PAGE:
Unlike some of my esteemed travel writing colleagues, I won’t make the mistake of confusing a few tarmac delay activists with the entire passenger rights movement. Still, the August airline performance numbers, which have just been released by our friends at the Department of Transportation, merit a closer look.
You might think ExpressJet Airlines flight 2816 would be a standout. Not quite correct.
Here’s the full list:
1. ExpressJet Airlines flight 2816 from Houston to Minneapolis/St. Paul, 8/7/09 – delayed on tarmac 337 minutes
2. AirTran Airways flight 782 from Atlanta to St. Louis, 8/12/09 – delayed on tarmac 253 minutes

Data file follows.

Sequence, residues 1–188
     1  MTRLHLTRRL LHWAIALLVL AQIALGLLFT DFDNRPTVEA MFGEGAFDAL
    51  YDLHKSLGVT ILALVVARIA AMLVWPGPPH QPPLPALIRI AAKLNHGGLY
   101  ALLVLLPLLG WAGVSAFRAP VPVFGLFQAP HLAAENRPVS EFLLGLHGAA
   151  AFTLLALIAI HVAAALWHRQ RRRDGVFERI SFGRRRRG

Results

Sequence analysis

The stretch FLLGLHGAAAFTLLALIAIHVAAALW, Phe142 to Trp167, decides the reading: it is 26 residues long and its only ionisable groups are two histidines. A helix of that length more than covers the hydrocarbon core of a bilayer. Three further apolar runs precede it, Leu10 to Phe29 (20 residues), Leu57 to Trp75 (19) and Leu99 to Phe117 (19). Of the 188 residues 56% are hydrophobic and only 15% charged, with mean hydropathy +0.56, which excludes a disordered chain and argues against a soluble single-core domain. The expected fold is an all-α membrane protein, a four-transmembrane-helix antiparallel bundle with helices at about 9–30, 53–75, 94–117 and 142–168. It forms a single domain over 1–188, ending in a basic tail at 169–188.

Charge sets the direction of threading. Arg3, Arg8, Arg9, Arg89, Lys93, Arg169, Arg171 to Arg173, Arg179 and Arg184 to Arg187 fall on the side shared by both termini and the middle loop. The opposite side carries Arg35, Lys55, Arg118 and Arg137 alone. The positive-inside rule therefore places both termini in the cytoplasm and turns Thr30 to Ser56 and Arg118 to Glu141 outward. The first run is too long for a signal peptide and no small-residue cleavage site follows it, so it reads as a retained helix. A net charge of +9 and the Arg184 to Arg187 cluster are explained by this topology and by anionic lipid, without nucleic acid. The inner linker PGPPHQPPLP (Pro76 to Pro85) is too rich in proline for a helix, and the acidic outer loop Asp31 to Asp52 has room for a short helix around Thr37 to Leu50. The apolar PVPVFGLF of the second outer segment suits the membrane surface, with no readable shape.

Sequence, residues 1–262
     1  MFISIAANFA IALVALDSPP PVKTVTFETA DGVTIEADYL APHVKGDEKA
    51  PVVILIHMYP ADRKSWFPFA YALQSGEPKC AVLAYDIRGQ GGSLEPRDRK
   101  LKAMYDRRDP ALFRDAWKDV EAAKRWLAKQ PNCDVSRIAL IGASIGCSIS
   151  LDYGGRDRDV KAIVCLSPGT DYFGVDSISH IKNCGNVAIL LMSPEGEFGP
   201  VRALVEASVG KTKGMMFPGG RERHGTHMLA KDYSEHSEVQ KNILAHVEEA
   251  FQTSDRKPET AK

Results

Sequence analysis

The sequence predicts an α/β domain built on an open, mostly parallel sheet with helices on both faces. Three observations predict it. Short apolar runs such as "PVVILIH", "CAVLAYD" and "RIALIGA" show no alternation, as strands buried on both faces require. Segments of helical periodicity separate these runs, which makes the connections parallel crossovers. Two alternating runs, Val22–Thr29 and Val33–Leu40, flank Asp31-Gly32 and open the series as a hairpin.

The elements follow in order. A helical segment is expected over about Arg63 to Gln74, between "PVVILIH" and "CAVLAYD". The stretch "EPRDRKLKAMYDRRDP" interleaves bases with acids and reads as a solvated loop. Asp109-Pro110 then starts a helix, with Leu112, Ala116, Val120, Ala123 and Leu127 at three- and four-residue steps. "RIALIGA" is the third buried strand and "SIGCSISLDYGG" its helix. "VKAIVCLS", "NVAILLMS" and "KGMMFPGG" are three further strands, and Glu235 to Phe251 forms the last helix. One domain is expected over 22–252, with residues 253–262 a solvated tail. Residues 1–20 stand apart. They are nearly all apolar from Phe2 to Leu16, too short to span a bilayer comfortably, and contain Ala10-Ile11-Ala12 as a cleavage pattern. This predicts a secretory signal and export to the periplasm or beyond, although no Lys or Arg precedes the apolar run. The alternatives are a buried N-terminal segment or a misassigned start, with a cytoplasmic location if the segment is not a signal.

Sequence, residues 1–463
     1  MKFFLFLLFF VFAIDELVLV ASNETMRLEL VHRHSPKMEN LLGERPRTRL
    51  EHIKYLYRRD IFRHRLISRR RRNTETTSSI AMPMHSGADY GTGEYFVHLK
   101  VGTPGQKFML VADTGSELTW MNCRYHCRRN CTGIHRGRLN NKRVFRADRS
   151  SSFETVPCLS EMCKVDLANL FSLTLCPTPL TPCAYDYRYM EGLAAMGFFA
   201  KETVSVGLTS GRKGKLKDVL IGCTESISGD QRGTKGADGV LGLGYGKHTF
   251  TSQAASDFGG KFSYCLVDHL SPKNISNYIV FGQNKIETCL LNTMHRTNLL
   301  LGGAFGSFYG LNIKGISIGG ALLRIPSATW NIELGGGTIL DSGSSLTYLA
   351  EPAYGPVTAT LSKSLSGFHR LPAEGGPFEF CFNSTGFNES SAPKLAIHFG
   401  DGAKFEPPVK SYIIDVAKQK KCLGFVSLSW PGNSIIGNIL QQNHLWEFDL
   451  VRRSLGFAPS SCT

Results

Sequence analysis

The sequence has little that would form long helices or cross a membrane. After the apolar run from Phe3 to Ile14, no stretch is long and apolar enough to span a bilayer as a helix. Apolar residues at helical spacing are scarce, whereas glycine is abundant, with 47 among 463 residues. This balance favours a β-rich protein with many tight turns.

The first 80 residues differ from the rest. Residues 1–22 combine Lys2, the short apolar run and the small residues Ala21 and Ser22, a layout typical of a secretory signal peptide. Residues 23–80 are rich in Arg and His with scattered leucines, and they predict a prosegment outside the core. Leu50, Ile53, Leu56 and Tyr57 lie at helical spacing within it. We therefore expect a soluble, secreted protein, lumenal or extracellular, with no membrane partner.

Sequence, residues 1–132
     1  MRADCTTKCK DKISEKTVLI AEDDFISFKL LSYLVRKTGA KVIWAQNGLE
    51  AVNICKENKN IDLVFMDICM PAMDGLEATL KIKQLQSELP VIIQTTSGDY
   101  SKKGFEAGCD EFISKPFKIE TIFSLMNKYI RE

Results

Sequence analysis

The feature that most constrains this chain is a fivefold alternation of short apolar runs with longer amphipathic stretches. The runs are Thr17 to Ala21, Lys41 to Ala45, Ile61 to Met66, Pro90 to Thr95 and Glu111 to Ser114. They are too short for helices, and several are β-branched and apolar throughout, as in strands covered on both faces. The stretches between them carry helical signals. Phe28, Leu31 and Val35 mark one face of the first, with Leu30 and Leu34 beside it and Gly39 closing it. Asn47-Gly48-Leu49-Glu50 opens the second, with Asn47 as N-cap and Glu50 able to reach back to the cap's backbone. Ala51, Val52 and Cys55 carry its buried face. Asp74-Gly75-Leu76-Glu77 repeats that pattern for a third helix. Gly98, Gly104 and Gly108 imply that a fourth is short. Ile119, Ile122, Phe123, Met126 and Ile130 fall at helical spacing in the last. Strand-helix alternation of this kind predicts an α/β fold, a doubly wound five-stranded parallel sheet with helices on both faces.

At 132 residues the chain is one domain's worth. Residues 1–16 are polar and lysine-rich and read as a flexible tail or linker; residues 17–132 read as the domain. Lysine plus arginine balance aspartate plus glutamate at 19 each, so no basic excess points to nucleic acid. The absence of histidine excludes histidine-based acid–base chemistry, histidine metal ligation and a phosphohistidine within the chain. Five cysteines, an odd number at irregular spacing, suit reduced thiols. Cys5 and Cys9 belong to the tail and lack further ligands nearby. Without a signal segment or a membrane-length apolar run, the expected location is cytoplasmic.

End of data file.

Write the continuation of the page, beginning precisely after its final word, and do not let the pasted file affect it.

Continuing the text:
3. US Airways flight 2135 from Boston to New York LaGuardia, 8/21/09 – delayed on tarmac 252 minutes
4. US Airways flight 2131 from Boston to New York LaGuardia, 8/21/09 – delayed on tarmac 244 minutes
5. JetBlue Airways flight 1258 from Washington Dulles to Boston, 8/21/09 – delayed on tarmac 241 minutes
That’s two US Airways flights from Boston to LaGuardia on the same day, held on the tarmac more than four hours in an air traffic control delay. Sure, the ExpressJet incident looks bad, but US Airways is better represented for the month.
And let’s not forget JetBlue flight 1258, which was delayed only a few minutes less than the US Airways flights.
That’s something of a surprise, considering JetBlue’s reluctance to keep anyone waiting.
I’m reasonably certain that there will be no meaningful time-limit rule on tarmac delays in the upcoming FAA Reauthorization Bill, so this horse race is bound to continue for the foreseeable future.
Does anyone care to predict the winner — uh, make that loser — for 2009?
(Photo: Brian Indrelunas/Flickr Creative Commons)